It is not just the Opposition who have identified the flaws in clause 2 and where it could be improved. The International Committee of the Red Cross has raised these concerns, submitting them in written evidence. For context, and for those who are not aware, the ICRC is an impartial, neutral and independent organisation whose mission is to protect the lives and dignity of victims of armed conflict and others in situations of violence and to provide them with assistance. The ICRC is also the origin of the Geneva conventions, an international agreement of which our country is a proud original signatory.
In its evidence, the ICRC acknowledges that there are occasions on which discretion has developed to address cases in which prosecutions are not taken forward. At international level, article 53 of the International Criminal Court statute sets out a procedure to follow if,
“upon investigation, the Prosecutor concludes that there is not a sufficient basis for a prosecution because…A prosecution is not in the interests of justice, taking into account all the circumstances, including the gravity of the crime, the interests of victims and the age or infirmity of the alleged perpetrator, and his or her role in the alleged crime”.
The written evidence goes on to say, however, that the ICC Office of the Prosecutor said that
“only in exceptional circumstances will the Prosecutor of the ICC conclude that an investigation or a prosecution may not serve the interests of justice”.
Finally, under the heading, “The presumption in favour of investigation or prosecution”, the OTP notes:
“Many developments in the last ten or fifteen years point to a consistent trend imposing a duty on States to prosecute crimes of international concern committed within their jurisdiction”.
The written evidence gives rise to a number of considerations. Clause 2 states that there should be exceptional circumstances for a prosecutor to determine whether proceedings should be taken against armed forces personnel. However, as outlined in the ICRC submission, does the prosecution in the interests of justice, including the gravity of the crime, the interests of victims and the age and infirmity of the alleged perpetrator, sound like an exception to the rule of when proceedings should be brought forward? Indeed, it seems more likely to be exceptional for such a case to not be progressed and brought forward. The OTP compounds that point by stating that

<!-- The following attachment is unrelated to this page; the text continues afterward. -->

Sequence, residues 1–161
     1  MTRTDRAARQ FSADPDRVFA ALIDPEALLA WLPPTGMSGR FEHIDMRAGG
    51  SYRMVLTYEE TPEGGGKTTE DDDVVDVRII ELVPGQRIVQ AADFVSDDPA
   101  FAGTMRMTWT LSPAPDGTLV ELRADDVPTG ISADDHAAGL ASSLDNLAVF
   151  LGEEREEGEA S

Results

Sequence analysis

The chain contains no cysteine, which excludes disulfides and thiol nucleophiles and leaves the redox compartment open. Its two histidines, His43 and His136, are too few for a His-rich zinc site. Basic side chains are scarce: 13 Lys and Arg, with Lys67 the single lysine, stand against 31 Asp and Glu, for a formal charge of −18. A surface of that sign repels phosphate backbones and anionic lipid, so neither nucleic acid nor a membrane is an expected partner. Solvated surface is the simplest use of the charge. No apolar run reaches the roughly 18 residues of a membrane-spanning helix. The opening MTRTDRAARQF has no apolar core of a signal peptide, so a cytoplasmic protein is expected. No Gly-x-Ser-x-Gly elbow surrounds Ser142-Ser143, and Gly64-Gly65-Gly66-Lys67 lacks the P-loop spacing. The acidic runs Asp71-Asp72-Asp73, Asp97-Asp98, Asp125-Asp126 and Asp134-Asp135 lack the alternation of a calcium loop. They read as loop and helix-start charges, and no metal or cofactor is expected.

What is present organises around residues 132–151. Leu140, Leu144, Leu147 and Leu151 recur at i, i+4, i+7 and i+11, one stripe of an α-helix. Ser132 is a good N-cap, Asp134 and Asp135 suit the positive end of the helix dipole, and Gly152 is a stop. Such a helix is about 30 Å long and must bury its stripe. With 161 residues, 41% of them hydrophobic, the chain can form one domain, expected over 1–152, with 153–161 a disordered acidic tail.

“only in exceptional circumstances will the Prosecutor of the ICC conclude that an investigation or a prosecution may not serve the interests of justice.”
Under the Bill as drafted, it will not be exceptional to not prosecute such cases. Indeed, it risks undermining our international reputation and legal obligations, and, as a consequence, risks our armed forces personnel being tried at the International Criminal Court instead of in British courts. That gives rise to the question: why are the Government so intent on taking this risk, undermining our reputation and legal obligations, and leaving our armed forces personnel exposed? Why have the Government included a clause that risks undermining a historic, momentous international convention in which our country played a key role and of which it is an original signatory? That is something that our country and armed forces are proud of, and it is a reason for the high regard in which we are held across the world. Why risk breaching it, particularly when this clause could put our armed forces personnel at greater risk of vexatious claims? The Bill would not protect them, as it intends to do.
Furthermore, according to the evidence submitted by ICRC, the OTP also notes that many developments
“in the last ten or fifteen years point to a consistent trend imposing a duty on States to prosecute crimes of international concern committed within their jurisdiction”.
Why would we wish to deviate from our colleagues and international security partners on such an important issue? What is the Government’s reasoning for this?
That is not the only evidence received by the Committee that underlines the issue of clause 2. During last week’s evidence sessions, we heard from Judge Blackett, the former Judge Advocate General, the most senior military judge in the country, who said: